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Podcast – Writer-turned-producer Liz Doran on The Tailings

Liz Doran talks about the challenges of jumping from writing to producing for SBS series The Tailings and why mentorship works.

Liz Doran Headshot spliced with production still from The Tailings.

Liz Doran, The Tailings

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After training as an editor, Liz Doran carved out an enviable career as a writer working on hit TV series such as Please Like Me, Doctor Doctor and Dance Academy, and has most recently turned her hand to full-time producing on the SBS series The Tailings.

The Tailings came about while Doran was working with emerging writer Caitlin Richardson, a teacher who had pitched the idea for the show to SBS at a Tasmanian networking event. In The Tailings, a 6 x 10-episode series that was filmed on Tasmania’s West Coast, teenager Jas goes in search of the truth about her father’s death, while her new teacher at school also harbours secrets from her past.

Doran says Richardson had all the elements that help a person and idea cut through.

“She had a real voice, she had something to say, she had some really interesting characters and she had a perspective into a world that was fresh and different.”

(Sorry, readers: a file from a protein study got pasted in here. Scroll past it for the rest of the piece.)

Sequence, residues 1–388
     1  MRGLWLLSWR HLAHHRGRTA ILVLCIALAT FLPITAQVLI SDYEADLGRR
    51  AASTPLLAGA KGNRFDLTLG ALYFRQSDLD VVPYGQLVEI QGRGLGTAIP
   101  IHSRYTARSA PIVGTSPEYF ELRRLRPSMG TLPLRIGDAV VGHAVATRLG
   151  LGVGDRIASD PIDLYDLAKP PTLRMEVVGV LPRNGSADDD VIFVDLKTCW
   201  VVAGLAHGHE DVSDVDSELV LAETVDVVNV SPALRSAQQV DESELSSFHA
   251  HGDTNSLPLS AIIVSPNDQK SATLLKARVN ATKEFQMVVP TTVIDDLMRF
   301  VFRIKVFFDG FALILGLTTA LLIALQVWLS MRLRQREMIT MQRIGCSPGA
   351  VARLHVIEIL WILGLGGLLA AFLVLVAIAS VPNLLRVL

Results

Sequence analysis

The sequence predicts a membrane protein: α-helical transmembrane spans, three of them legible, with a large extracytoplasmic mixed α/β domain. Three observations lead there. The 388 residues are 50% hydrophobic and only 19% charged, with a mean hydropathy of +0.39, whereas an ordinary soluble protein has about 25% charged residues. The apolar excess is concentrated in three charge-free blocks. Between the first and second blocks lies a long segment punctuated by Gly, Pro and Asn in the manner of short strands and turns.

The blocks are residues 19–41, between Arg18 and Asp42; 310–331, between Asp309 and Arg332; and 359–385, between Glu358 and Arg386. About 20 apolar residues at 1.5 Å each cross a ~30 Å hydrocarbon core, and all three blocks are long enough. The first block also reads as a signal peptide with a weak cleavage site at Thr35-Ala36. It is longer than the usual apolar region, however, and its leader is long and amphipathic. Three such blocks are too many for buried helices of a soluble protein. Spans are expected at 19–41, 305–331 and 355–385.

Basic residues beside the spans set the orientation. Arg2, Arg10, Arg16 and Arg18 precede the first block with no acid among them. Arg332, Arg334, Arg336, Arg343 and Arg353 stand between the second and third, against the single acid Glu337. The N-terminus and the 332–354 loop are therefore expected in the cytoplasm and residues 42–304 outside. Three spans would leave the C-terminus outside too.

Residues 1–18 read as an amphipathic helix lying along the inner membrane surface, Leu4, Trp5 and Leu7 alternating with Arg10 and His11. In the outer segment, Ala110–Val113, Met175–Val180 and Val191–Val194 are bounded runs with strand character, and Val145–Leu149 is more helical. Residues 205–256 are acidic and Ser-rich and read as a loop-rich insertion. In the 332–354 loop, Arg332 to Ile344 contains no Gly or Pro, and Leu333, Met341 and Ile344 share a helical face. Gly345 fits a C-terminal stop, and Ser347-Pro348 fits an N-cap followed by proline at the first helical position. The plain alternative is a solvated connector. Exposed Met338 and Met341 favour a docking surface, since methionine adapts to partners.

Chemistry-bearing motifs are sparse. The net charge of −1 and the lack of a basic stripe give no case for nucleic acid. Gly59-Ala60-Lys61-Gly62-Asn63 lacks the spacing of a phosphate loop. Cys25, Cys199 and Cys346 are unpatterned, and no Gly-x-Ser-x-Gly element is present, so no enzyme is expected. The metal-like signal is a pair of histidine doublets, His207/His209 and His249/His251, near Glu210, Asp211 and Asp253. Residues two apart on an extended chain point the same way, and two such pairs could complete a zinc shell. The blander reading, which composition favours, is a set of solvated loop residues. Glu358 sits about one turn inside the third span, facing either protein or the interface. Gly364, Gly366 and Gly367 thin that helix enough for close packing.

While the idea was in development, Doran and Sue Masters – the then Head of Drama at SBS – were discussing who could produce the series. When Doran, who had been mulling over the idea to move into producing suggested perhaps she could do it herself, Masters was immediately on board.

“As soon as I said it I had this wave of panic,” she says, adding how co-producers Richard Kelly and Stephen Thomas would later come on board to share the load.

“It was a massive learning curve, which was really interesting for me because I quite naively assumed I knew what that job was and it turned out I really had not a clue. Outside of the creative, which I was totally across, there was so much more to it than I realised and it was incredibly daunting.”

Doran wasn’t the only person stepping into something different. On The Tailings they pulled together the creative team that included women in all Heads of Departments, and some who were doing a step-up or adjacent step within their field.

“I think that’s one of the things that’s really great for those short form series to do is to give opportunities to emerging people, like (production designer) Alicia Clements who had been working in the theatre but needed a screen credit or (director) Stevie Cruz-Martin who had a low budget feature credit [with Pulse] but hadn’t done any episodic TV or network TV.”

Throughout the episode of the Screen Australia podcast, Doran also talks to how she turned to her own peers and mentors such as producers John Edwards, Ian Collie, Joanna Werner, Amanda Higgs (and more); the importance of the development period and getting SBS support; and her advice for applying for funding.

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